By Scott Shaffer and G. Leon
WBC president Jose Sulaiman said to Boxingtalk on Saturday that promoter Frank Warren agreed to make a payment in order to resolve a dispute as to whether Warren’s boxer Danny Williams under-reported his purse for Saturday’s heavyweight title fight by as much as $1.6 million. This payment, which Sulaiman called a “donation” is part of a pattern of increasingly aggressive attempts by the WBC to augment its income since emerging from bankruptcy and agreeing to pay former boxer Graciano Rocchigiani $4.5 million dollars to settle an oustanding judgment earlier this year. Warren neither answered nor returned telephone calls to his Mandalay Bay hotel room over the weekend.
Although listed as a non-profit organization, the WBC has made millions of dollars over the years by collecting sanctioning fees from boxers’ purses whenever one of its titles are at stake. Like other sanctioning organizations, the WBC bestows world title recognition in each of seventeen weight classes and in exchange, it takes 3% of boxers’ purses while the boxers risk their health in the ring. The WBC is arguably the most prestigious title among the four major sanctioning bodies, particularly among boxers from Mexico, the WBC’s home base. Things were going very well for the WBC through the years until it stripped the light heavyweight title away from German boxer Graciano Rocchigiani in order to hand it to Roy Jones. Rocchigiani sued, and Sulaiman claimed that even though Rocchigiani won the championship on international television, the WBC’s recognition of his championship for three months was just a “typographical error”. The jury didn't buy it, and in 2003, Rocchigiani was awarded more than $30 million dollars. With the German’s lawyers poised to attach WBC sanctioning fees to apply towards the judgment, the WBC filed for bankruptcy protection. If the WBC went out of business as it threatened, Rocchigiani would be unable to collect anything at all. After a high-stakes game of legal poker, an undisclosed settlement agreement was reached with Rocchigiani's attorneys in the summer of 2004. A Boxingtalk investigation has discovered that the WBC agreed to pay Rocchigiani a total believed to be $4.5 million dollars. The first $1.5 was reportedly due immediately, and Rocchigiani will receive $300,000 per year for ten years. The WBC emerged from bankruptcy and returned to awarding title belts and collecting sanctioning fees.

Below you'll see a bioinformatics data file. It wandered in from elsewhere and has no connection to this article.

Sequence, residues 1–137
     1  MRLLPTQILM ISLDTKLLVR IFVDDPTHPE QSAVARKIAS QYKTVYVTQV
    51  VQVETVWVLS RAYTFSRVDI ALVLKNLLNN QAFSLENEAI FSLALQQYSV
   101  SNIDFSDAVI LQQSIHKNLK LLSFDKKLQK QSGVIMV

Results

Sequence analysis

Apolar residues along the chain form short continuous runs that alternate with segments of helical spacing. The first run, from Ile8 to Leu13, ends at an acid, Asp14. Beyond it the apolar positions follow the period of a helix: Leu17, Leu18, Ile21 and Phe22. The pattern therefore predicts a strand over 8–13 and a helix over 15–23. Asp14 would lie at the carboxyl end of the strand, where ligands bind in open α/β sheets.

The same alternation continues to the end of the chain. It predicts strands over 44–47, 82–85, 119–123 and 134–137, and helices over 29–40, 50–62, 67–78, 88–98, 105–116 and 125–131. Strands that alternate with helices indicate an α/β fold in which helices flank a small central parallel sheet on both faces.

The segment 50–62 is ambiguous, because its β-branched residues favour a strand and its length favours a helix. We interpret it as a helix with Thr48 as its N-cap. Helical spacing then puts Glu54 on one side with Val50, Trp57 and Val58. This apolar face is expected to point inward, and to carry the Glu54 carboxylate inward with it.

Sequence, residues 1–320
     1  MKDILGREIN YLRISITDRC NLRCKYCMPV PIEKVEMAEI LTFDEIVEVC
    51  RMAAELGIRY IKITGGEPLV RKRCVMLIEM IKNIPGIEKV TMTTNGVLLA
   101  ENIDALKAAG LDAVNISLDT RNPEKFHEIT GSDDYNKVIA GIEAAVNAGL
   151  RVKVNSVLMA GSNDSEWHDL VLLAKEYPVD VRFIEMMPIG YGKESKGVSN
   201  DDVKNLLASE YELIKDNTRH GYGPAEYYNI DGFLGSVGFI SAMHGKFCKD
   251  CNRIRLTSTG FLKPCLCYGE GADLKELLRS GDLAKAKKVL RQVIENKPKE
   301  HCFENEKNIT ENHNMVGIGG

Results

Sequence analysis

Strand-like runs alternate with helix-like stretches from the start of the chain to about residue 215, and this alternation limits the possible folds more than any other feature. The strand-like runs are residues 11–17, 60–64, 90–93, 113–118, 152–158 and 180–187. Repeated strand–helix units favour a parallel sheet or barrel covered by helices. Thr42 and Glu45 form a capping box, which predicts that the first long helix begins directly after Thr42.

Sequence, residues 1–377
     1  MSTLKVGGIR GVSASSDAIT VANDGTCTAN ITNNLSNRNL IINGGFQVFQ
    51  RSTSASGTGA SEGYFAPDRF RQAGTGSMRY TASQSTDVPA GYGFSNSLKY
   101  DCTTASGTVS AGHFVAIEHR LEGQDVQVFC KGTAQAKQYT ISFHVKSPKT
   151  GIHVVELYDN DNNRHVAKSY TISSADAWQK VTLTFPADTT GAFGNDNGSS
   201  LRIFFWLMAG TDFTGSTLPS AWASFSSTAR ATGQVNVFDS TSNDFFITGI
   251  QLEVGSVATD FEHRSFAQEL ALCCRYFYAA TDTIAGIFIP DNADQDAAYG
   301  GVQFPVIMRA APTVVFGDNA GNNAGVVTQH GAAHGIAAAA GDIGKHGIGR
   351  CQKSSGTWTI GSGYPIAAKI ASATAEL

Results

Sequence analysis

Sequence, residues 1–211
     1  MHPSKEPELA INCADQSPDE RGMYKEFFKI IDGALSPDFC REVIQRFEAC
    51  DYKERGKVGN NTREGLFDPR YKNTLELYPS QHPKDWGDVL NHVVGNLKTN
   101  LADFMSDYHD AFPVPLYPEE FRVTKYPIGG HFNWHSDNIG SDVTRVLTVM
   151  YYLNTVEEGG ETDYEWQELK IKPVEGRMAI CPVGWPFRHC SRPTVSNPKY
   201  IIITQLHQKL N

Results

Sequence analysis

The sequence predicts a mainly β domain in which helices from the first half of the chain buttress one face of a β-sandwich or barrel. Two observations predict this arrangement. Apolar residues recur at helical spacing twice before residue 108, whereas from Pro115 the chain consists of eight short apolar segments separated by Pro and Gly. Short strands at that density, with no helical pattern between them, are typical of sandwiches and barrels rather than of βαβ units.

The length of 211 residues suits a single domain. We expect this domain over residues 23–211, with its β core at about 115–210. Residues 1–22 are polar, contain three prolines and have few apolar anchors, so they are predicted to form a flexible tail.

Since the settlement was reached, the WBC appears particularly desperate to maximize its income, by soliciting donations from promoters of boxers whom the WBC is supposed to rank impartially and also by creating absurd new championships based on racial distinctions.
On Friday, Sulaiman was in Las Vegas for the WBC heavyweight title fight between Vitali Klitschko and Danny Williams, and Boxingtalk published a story detailing how Williams might be receiving much more money than what his contract called for. Williams submitted a contract to the WBC (and also to the Nevada Athletic Commission and possibly to the IRS) stating he was to earn only $300,000. Boxingtalk possessed a recent letter indicating Williams likely would earn up to six times more money to face Klitschko. Greg Leon, the owner of Boxingtalk, told Sulaiman that Williams might actually be earning as much as $1.9 million. If that figure was correct, the WBC would be shortchanged of sanctioning fees by $48,000, and the United States government could lose ten times that amount in income tax. Sulaiman was upset and threatened to declare the title vacant if Williams beat Klitschko. "If there's something wrong going on and Williams doesn't come clean,” an angry Sulaiman told Leon, “there's no question he's not going to fight for the WBC belt."
The next day, just hours before the bout, Sulaiman had a sudden and dramatic change of heart. The reason? Williams’ promoter agreed to pay the WBC to make the issue go away. This payment was a “donation” in the words of Sulaiman. “We had a meeting with Frank Warren and he made a donation to the WBC, so we have decided to leave it to the proper authorities... He's going to make a donation, but we haven't specified any amount at all. We just reached that situation and the fight goes on." Leon continued to question Sulaiman about the payment (a transcript of the interview is being published concurrently with this story). “I don't know what to tell you, but if the donation is more than what we have in the contract, it's accepted, especially for the limited finances the WBC has at this time because of our problems. We need it,” said Sulaiman. “We got loans. We got a lot of loans, you know, personal, the bank, and all that.”
It turns out that Warren’s “donation” to the WBC coffers is anything but an isolated incident. In fact, the WBC has for months been soliciting payments from promoters of boxers that the WBC is supposed to rate impartially.